UK Equal Marriage Consultation

By Peter Dunne

What is the optimal means of achieving social change? Are the courts the most appropriate vehicle for implementing progress? Does impact litigation really short-circuit the democratic process?

An interesting comparison can be made in the ways which the United States and the United Kingdom both repealed their abortion and sodomy prohibitions. In the United States, progress was achieved through the federal judiciary, with the nation’s Supreme Court issuing landmark decisions in Roe v Wade and Lawrence v Texas. In Britain on the other hand, abortion and the decriminalization of homosexuality came through Parliament, and following a number of highly publicized public reports, most particularly the Wolfenden Report.
What is interesting is the effect that the method of decriminalization appears to have had upon how contemporary society views these issues in both countries. In America, recent events have illustrated just how contentious reproductive rights remain among the public. Similarly, while no serious commentator would suggest that homosexuality should remain a criminal offense in 2012, the fact that the repeal of the Texas sodomy laws came by way of judicial “fiat” rather than through the legislature has created the impression of an LGBT rights agenda, and now stands as a obstacle to other concerns, such as employment and adoption rights.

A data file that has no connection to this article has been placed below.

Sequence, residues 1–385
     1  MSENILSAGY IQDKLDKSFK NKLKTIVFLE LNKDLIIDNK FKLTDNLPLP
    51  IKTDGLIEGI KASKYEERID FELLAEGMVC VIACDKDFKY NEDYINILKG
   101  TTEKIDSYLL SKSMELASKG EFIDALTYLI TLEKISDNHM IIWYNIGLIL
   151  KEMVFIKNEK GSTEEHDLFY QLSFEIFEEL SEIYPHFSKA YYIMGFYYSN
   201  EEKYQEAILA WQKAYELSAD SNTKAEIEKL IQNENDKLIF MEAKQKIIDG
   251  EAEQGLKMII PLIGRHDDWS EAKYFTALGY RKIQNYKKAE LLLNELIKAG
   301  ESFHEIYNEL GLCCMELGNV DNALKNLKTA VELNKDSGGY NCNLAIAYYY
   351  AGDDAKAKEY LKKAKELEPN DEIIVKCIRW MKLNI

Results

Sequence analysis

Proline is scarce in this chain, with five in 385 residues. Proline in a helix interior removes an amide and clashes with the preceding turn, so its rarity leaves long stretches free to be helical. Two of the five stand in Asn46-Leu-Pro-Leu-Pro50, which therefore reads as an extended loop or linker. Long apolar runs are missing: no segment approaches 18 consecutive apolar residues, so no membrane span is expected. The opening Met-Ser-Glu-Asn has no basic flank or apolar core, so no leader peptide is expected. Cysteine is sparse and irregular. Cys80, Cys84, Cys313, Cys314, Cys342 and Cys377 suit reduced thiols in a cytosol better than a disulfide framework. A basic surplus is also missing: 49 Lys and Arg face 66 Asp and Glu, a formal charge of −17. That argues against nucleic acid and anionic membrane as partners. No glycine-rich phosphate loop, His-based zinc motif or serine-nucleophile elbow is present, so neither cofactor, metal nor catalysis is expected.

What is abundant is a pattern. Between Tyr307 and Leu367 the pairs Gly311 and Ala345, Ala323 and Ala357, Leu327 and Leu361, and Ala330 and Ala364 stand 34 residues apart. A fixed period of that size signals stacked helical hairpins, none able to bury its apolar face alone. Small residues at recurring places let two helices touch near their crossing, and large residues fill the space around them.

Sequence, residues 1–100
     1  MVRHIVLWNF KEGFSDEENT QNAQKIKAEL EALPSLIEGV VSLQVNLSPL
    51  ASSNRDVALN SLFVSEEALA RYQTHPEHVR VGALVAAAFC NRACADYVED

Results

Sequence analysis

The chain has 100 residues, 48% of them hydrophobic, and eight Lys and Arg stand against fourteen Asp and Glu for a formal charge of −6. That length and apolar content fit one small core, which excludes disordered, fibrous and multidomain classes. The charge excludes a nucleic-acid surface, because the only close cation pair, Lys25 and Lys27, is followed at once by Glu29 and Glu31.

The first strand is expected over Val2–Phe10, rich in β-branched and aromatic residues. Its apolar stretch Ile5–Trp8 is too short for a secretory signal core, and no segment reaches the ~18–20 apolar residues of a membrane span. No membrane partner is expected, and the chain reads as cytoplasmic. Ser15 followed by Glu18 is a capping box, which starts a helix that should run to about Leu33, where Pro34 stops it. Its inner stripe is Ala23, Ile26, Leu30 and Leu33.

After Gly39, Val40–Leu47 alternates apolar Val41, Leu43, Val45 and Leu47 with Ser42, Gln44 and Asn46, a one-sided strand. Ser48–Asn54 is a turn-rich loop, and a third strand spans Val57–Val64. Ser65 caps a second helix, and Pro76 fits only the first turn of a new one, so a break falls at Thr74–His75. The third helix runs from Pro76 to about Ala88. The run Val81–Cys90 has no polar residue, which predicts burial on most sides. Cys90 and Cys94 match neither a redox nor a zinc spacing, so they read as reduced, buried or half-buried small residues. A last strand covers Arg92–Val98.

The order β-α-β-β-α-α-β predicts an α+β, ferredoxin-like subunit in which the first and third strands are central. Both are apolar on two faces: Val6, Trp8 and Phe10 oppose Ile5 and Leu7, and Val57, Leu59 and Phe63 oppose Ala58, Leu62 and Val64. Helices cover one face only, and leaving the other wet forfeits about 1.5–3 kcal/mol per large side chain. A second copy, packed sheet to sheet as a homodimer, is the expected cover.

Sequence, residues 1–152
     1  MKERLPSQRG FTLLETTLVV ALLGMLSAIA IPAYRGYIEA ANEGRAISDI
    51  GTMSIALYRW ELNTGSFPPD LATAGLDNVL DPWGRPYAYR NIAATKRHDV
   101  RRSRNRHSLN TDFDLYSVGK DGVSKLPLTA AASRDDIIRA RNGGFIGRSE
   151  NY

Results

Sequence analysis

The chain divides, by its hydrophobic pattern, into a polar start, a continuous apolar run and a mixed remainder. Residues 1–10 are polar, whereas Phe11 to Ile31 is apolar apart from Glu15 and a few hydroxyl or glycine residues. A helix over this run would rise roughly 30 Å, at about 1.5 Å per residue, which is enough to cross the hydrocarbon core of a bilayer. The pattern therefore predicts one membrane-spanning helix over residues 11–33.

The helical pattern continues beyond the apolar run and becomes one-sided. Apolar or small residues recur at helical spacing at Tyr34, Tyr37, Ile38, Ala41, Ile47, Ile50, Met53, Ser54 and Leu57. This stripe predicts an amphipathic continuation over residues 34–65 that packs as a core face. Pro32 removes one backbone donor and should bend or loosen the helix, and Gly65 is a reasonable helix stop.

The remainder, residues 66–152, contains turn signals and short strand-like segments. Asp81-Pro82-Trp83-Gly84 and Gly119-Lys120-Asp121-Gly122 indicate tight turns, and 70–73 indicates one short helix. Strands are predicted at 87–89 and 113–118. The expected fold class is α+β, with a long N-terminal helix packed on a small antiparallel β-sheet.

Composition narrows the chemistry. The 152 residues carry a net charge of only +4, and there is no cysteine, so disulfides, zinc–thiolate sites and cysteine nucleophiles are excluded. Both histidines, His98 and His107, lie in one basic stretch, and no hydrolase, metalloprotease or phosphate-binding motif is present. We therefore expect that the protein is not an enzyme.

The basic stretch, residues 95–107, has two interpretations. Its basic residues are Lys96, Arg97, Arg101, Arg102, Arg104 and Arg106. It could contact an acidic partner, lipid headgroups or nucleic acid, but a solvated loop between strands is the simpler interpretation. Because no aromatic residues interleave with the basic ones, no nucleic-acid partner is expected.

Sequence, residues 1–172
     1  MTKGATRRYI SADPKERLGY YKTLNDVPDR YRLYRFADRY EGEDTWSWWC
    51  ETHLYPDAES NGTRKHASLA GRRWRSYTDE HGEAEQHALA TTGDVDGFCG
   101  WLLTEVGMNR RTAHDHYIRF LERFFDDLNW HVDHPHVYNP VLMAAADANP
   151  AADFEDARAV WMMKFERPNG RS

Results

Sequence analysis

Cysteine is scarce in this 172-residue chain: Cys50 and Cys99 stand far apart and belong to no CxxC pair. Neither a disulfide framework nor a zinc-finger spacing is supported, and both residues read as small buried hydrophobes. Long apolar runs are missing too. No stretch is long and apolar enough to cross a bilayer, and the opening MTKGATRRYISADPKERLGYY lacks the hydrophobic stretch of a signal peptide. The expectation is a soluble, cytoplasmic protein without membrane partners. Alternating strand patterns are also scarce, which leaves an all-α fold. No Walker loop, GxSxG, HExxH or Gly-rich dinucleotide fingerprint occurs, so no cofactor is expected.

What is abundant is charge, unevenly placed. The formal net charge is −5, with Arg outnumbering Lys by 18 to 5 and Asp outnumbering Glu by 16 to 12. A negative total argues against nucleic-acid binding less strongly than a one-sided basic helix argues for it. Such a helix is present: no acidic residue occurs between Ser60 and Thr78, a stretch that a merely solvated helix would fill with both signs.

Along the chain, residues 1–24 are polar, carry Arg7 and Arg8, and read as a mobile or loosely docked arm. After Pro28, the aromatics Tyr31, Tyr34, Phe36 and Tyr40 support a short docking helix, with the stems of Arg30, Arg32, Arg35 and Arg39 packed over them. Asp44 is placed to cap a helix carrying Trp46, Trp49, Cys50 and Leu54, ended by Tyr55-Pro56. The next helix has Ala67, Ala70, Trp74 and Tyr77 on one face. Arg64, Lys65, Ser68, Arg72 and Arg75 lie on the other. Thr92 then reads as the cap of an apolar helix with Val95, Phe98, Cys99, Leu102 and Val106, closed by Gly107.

In Britain, however, where progress was achieved in Parliament, abortion and gay rights remain (with a few exceptions) a relative non-controversy.

Of course, this difference in public attitudes cannot solely be attributed to the manner in which a particular law or the repeal of a law has been introduced. The general tendency of British voters towards more center and center-left politics must also be a factor. Nevertheless, the comparison is interesting.

Earlier this month the British Government launched a public consultation on equal marriage rights for individuals in same-sex relationships. While the battle for marriage equality continues in the U.S. federal courts, it will be interesting to see not only how the UK consultation progresses, but also how the public ultimately reacts should Parliament decide to adopt a positive recommendation.


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